Second, there are two ways we can go with our freedom. Romans 8:5-11, “Those who live according to the sinful nature have their minds set on what that nature desires; but those who live in accordance with the Spirit have their minds set on what the Spirit desires. The mind of sinful man is death, but the mind controlled by the Spirit is life and peace; the sinful mind is hostile to God. It does not submit to God’s law, nor can it do so. Those controlled by the sinful nature cannot please God. You however, are controlled not by the sinful nature but by the Spirit, if the Spirit of God lives in you. And if anyone does not have the Spirit of Christ, he does not belong to Christ. But if Christ is in you, your body is dead because of sin, yet your spirit is alive because of righteousness. And if the Spirit of him who raised Jesus Christ from the dead is living in you, he who raised Christ from the dead will also give life to your mortal bodies through his Spirit, who lives in you.” Here is where the responsibility of freedom comes in — we can choose to set our lives on a course led by our old sinful desires, or we can let ourselves be led by God’s Spirit into a new life. Before we converted to Christ we didn’t have a choice because we were slaves to the law, sin, and death. Our original sin mixed with our own personal sin made us slaves to sin which leads to death. But since Christ set us free from sin and death at our conversion we are truly free to live life as it was originally intended by God. That original good life that Adam and Eve first had in the Garden of Eden, that is life as God intended for everyone. Adam and Eve were free to pursue that original good life, and if they had done so successfully all would have gone well. But as we know now, they choose to take the wrong path in life, they chose to disobey God and sinned, and in so doing they brought down the whole human race, including each of us, in the process. But now Jesus offers us an opportunity to live life as it was originally intended to be lived, by choosing righteousness instead of sin, life instead of death. We can now make that free choice because we are truly free. Remember the words of Jesus: “So if the Son sets you free, you will be free indeed,” John 8:36. It’s amazing how many people in “the land of the free,” America, who think they are free, but they really aren’t. It’s amazing how many people think that if they have political freedom or economic freedom, then they are truly free. But according to Jesus, and then later, Paul, we are only truly free when we are set free from the law, sin, and death. We are free from the law because Christ lived a perfect, sinless life in fulfillment of the law, and our identification with Christ makes Christ’s fulfillment of law, our fulfillment of law. We are free from sin because Christ’s death on the cross paid the price for our sins and canceled it out on our behalf. We are free from death (the death-kind-of-life) because Christ died to death once and rose again to a new life, and we being identified with Christ, did the same spiritually. Yes, we do die physically and materially; nothing can change that. But our life is no longer characterized by death (despair, guilt, shame, fear, foolishness), but rather by life (peace, love, joy, faith, hope). These are the two roads that we can choose in life as free people. Is there any question how we will choose? Paul explains further.

Third, Choose life, not death. Romans 8:12-17, “Therefore brothers, we have an obligation, but it is not to the sinful nature, to live according to it. For if you live according to the sinful nature, you will die; but if by the Spirit you put to death the misdeeds of the body, you will live, because those who are led by the Spirit of God are sons of God. For you did not receive a spirit that makes you a slave again to fear, but you received the Spirit of sonship. And by him we cry, Abba, Father.’ The Spirit himself testifies with our spirit that we are God’s children. Now if we are children, then we are heirs, heirs of God and co-heirs with Christ, if indeed we share in his sufferings in order that we may also share in his glory.” Here Paul talks about freedom’s responsibility or obligation – to live according to the Spirit. The whole purpose Christ set us free was for us to live in the new life of the Spirit as children of God, so our obligation is to live that way. It is certainly not the purpose of Christ to set us free from the slavery of sin so that we might return to the slavery of sin. No! Our responsibility to God for setting us free from sin is to serve Him in the power of the Holy Spirit. Imagine a Special Forces group risking and losing their lives to break into an enemy’s prison to rescue you; and you escape. Now imagine that you are safe and sound back in your home country alive and well. What is your response to such a great blessing? – to go back to the enemy’s prison and live? No! It should be like the Private James Ryan in the popular movie “Saving Private Ryan” who in response to the brave men who gave their lives to bring him back home during the war carried with him a sense of gratitude and determination to live the kind of life the men who died for him would have been proud of. He felt he owed them that much; he felt obligated, responsible to use his freedom wisely. They died so that he might live free, so he intended to live that way, responsibly. He did so to honor those brave men. As Christians we must think of our salvation in Christ a little like that. We were set free from the law, sin, and death, but not to return to any of these, but to live by the Spirit in the new life God has for us in righteousness. We are now longer slaves, but free; but not only that, sons and daughters of the King; but not only that, heirs with Christ to glory in heaven! So you see there really is no rational excuse for returning to the slavery of sin and a life characterized by the qualities of death. We are destined as children of God to be heirs of glory with Christ Jesus. Instead of living in the lowest dungeons of sin and death, we are destined to live in the highest places in glory in heave! And we can begin our ascent into theses privileged places here on earth by walking in the way of righteousness by following the leading of the Spirit. We get all this by choosing life. Why would we choose anything else?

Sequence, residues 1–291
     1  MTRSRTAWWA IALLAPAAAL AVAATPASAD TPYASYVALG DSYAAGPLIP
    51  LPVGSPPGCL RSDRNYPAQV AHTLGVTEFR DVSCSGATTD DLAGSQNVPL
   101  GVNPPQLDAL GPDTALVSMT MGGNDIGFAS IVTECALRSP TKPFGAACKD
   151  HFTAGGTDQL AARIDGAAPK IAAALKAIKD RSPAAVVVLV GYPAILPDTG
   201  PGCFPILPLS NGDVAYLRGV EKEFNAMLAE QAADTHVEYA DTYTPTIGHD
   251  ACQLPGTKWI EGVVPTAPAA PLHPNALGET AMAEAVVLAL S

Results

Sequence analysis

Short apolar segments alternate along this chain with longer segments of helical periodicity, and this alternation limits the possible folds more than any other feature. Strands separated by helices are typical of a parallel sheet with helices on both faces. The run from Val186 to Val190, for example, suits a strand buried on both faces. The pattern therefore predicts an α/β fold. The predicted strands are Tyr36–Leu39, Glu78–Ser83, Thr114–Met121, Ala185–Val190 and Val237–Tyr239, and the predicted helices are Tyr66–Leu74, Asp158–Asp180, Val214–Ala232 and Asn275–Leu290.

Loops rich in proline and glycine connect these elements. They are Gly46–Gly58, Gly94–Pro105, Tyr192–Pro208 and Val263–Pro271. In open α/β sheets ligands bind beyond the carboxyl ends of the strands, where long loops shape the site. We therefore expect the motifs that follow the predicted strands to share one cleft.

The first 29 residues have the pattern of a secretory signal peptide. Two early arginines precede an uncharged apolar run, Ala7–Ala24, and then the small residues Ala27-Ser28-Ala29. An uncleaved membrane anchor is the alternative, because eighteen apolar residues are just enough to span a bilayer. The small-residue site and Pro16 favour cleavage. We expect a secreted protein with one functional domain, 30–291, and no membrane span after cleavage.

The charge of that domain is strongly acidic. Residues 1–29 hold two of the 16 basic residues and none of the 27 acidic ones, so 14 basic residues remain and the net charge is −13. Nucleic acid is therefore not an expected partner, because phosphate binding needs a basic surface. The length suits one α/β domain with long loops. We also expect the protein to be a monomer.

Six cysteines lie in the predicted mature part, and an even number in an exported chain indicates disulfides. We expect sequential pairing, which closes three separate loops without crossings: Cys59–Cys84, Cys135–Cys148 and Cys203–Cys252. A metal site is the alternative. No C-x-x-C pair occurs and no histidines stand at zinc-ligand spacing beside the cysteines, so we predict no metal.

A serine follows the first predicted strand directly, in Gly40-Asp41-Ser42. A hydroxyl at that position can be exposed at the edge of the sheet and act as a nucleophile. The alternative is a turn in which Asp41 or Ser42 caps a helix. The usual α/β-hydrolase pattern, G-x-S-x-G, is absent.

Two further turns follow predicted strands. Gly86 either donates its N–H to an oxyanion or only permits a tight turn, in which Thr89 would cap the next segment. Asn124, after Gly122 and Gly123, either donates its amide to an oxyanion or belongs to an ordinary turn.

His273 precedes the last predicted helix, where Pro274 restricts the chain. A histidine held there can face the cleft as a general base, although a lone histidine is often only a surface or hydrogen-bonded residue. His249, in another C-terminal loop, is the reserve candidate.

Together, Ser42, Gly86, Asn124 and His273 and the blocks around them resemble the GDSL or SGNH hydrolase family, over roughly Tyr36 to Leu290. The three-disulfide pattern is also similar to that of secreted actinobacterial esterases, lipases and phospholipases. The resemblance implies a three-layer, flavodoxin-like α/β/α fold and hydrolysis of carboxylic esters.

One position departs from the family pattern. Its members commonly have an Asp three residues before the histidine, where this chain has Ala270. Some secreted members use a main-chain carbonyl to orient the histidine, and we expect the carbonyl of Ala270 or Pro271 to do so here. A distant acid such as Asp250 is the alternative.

Paul begins to describe the work of the Holy Spirit in the most detail here in the Book of Romans. After Christ lived, died, and rose again to life for our benefit he didn’t just leave us to ourselves after he ascended into heaven. Christ left the Holy Spirit to be his living, invisible presence in our lives. But even the Holy Spirit doesn’t violate our freedom; the Spirit doesn’t compel us to obey God’s will, he inspires us, convicts us when wrong, motivates us, but never coerces us. The Holy Spirit is Christ’s invisible presence in our lives to lead and empower us to live the new life we were destined to live. “Those who are led by the Spirit are sons of God,” Romans 8:14. And one of the key things the Holy Spirit does in the life of the believer is reminds us that we are truly are sons and daughters of God: “The Spirit himself testifies with our spirit that we are God’s children,” Romans 8:16. That’s important because the main reason why Christians depart from the way of righteousness is that they forget who they are and whose they are. There are many Christians who are presently in various stages of “back-sliding” or falling away from the way of truth and righteousness. Why is this? Because they forget what they have been saved from, they forget what they have been saved for, they forget who they are in Christ, and they forget whose they are – God’s. We live in a fallen world and unfortunately most of it is still in rebellion against God, caught in the slavery of sin that leads to death. We live in this world and can’t help but be influenced by it; and we are influenced by it. Sometimes we are led astray by something or someone in the world. Sometimes we allow ourselves to forget what we have in our new life in Christ. Sometimes we forget our true identity as sons of God and heirs of eternal glory with Christ. I’ve heard of people who get amnesia and forget who they are or their true identity. If they happen to be royalty and they forget their identity, they might have to live out their lives as commoners when they are really royalty, all because they can’t remember who they really are. That’s the way it is with Christians sometimes. They are freed from the slavery of the law, sin, and death, made God’s children, heirs with Christ to eternal glory, but if they forget all that or doubt it then they might live their lives like slaves again. That’s why we need to always pray, we always need to be reading our Bibles, we always need to be participating in church — in order not to forget, in order never to forget who we are in Christ. How are you doing in remembering who you are in Christ? Do you forget often? Does your life look like a life that knows who you are in Christ, or does it look like a life that suffers from an identity crisis? Paul is urging us all to stay very close to God by continually choosing righteousness and continually being sensitive to the leading of the Holy Spirit. We must never take our faith for granted; we must ever be grateful, and never be led backwards towards slavery.